Many global corporations now incorporate ethics training into their compliance programs as they recognise the need to establish a culture where people do the right thing because the know and understand it is the right thing, rather than because a book of rules says it is.
Ethics training is designed to assist employees and managers to recognise the essentially human behavior that shapes cultural challenges and business imperatives and decide how decisions are made. It is designed to skill, empower, and challenge employees to review their typical responses to ethical challenges and, by canvassing different options, identify different options.
The best programs are anchored in the real ethical dilemmas and scenarios that play out at work and which make each workplace unique. Participants are encouraged to discuss and reflect on the systemic issues that give rise to the ethical concerns before identifying the course of action that best suits the business needs while safeguarding the organisation’s integrity.
The compliance function can sometimes find itself a victim of informal cultural phenomena, which often relegate compliance professionals to subordinate roles in the organisational hierarchy. This can isolate the compliance professional and make them reluctant to raise issues in fear of retaliation. Enron’s famous whistle blower, Sherron Watkins, is probably the poster child of such cultural phenomena. When she first raised concerns around possible accounting frauds, Enron’s CEO’s response was to seek the Legal Counsel’s advice about how best to fire her! The Legal Counsel, knowing that by this stage questions were being asked in some quarters about Enron’s business model, argued that she should remain but be ‘managed’ instead. She stayed for a further two years while the company collapsed around her.
Ms Watkins’ account left no doubt that it started from the top where the leadership team completely abdicated any responsibility for setting the ethical tone and neither were they held accountable by the compliance function. The result was the emergence of an organisational culture where, in Ms Watkins’ words, “corruption spread like a sexually-transmitted disease”.
We recently completed a large project with AIA Group (Asia). They had established their Compliance Learning Academy and saw that business ethics was an integral part of the compliance discipline. They put 350 of their most senior managers from across the region through an ethical leadership program as a first step. Subsequently, they began rolling the program out across member companies and supplemented this training with an eLearning program using dilemmas and scenarios to reinforce the face-to-face learning.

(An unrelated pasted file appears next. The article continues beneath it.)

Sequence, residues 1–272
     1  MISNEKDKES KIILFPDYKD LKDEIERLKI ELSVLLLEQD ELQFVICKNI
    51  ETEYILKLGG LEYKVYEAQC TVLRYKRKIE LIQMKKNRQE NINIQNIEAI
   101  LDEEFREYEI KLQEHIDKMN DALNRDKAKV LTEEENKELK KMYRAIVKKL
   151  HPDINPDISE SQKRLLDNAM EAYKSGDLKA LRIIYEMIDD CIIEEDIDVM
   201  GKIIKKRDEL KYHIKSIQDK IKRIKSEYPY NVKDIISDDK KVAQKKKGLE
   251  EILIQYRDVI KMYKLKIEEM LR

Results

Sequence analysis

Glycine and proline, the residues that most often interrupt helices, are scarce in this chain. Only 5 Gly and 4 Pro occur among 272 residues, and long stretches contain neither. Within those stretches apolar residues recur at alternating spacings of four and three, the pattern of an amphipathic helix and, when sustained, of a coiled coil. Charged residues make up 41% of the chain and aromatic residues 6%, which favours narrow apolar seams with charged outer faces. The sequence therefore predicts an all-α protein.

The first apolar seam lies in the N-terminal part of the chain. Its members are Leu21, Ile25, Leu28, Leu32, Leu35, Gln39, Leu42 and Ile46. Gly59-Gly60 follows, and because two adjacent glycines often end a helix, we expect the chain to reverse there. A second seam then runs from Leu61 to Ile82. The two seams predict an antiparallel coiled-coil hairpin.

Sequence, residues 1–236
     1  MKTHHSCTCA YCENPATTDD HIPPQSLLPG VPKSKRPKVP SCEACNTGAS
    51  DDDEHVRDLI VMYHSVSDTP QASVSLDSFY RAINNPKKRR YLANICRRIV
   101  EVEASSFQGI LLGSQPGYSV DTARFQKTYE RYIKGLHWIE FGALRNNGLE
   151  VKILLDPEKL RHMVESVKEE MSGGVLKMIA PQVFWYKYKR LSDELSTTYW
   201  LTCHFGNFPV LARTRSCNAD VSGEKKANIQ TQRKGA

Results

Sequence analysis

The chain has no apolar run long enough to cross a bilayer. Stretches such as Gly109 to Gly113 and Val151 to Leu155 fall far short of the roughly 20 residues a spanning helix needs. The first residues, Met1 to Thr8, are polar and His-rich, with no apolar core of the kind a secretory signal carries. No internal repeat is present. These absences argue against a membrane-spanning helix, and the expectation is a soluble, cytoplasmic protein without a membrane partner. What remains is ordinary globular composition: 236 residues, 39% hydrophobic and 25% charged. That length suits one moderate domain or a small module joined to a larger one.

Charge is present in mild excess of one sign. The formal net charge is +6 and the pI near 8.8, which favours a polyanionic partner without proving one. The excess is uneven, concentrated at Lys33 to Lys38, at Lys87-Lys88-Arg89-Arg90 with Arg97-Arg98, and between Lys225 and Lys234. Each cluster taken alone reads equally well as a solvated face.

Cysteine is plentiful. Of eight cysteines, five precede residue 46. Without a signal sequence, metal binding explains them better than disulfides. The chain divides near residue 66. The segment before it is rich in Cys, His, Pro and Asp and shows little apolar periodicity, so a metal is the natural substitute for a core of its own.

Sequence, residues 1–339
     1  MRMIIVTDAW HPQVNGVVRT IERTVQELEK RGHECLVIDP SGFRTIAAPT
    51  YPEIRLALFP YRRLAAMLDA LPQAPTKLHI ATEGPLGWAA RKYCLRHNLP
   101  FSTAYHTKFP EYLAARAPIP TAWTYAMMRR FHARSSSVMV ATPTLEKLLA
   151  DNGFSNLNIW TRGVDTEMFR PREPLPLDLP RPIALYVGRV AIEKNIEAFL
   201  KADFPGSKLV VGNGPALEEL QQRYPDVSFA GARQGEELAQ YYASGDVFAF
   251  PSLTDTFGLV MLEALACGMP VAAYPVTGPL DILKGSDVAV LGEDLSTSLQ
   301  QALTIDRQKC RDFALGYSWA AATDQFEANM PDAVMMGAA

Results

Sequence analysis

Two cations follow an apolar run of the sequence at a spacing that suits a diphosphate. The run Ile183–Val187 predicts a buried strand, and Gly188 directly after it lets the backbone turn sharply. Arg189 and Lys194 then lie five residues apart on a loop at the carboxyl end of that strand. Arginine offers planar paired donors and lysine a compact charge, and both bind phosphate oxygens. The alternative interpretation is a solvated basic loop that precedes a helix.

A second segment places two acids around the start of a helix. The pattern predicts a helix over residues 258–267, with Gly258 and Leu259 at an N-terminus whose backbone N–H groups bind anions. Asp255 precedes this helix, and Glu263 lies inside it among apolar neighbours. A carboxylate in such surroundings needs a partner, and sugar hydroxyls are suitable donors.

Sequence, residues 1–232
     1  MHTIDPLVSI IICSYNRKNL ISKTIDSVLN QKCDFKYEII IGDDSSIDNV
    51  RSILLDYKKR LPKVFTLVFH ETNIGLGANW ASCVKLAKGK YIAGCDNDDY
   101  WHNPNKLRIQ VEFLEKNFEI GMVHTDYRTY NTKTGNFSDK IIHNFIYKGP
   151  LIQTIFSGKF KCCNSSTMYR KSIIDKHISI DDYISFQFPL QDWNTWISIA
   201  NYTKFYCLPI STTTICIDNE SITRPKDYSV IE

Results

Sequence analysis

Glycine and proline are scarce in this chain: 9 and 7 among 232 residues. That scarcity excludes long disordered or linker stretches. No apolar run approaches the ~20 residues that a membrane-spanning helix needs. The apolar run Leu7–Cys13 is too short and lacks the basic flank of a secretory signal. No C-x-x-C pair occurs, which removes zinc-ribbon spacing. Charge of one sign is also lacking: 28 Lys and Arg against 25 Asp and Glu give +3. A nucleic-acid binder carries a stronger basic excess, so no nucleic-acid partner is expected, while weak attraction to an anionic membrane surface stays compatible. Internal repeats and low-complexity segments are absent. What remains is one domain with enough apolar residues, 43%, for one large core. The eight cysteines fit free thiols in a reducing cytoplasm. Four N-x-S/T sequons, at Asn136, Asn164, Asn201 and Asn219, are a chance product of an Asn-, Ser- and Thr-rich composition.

An ethical viewpoint
While a compliance review might begin by asking: ‘What went wrong? an ethical orientation begins by asking: ‘What was the right thing to do and what contextual pressures might have shaped the choices made?” These initial questions take the enquirer down two very different paths to resolution.
The questions from the compliance viewpoint often restrict any analysis to one of adherence or non-adherence to existing policies. Whereas the questions from the ethical viewpoint take a systemic approach and open up enquiry that takes account of the dynamism within which the world of work exists and where employees operate where change is discontinous and polices are no longer up to date. It encourages a review of all possible actions and consequences on the part of an extended range of stakeholders. If the proposed action is deemed inappropriate in the light of new developments or new information, inquirers are led to consider the other available options to achieve the same objective while at the same time protecting the enterprise that pays them and to which they therefore owe a duty of care.
An ethical inquiry grounded in objectivity and fairness can often mean reconciling several different perspectives about what is the most appropriate action. Very often the employers and employees have different perspectives as to stakeholder accountabilities and this approach expands the range of choices to be canvassed. Finally the ethical orientation addresses the human needs that drive all actions. Most people need to be able to understand the “Why” behind a compliance policy before they show much interest in its implementation. Ethical enquiry addresses this need and speaks to the higher order values that we all aspire to.
The tone from the top
The importance of getting buy-in from the top regarding the importance of managing culture from both compliance and ethics perspectives cannot by over emphasised. However, the real issue is the outstanding need for leadership accountability for managing the ethical domain.
If leaders are not creating the ideal context where people know the rules and the rules underpin what gets rewarded, the organisation is set up to fail. Employees quickly recognize that it is an unfair workplace environment and they do whatever is necessary to make the numbers or keep their jobs. In many ways, organisational culture is still the lengthened shadow of those at the top and change starts with leaders standing up to their accountability to manage business ethics in the same way they manage every other management discipline.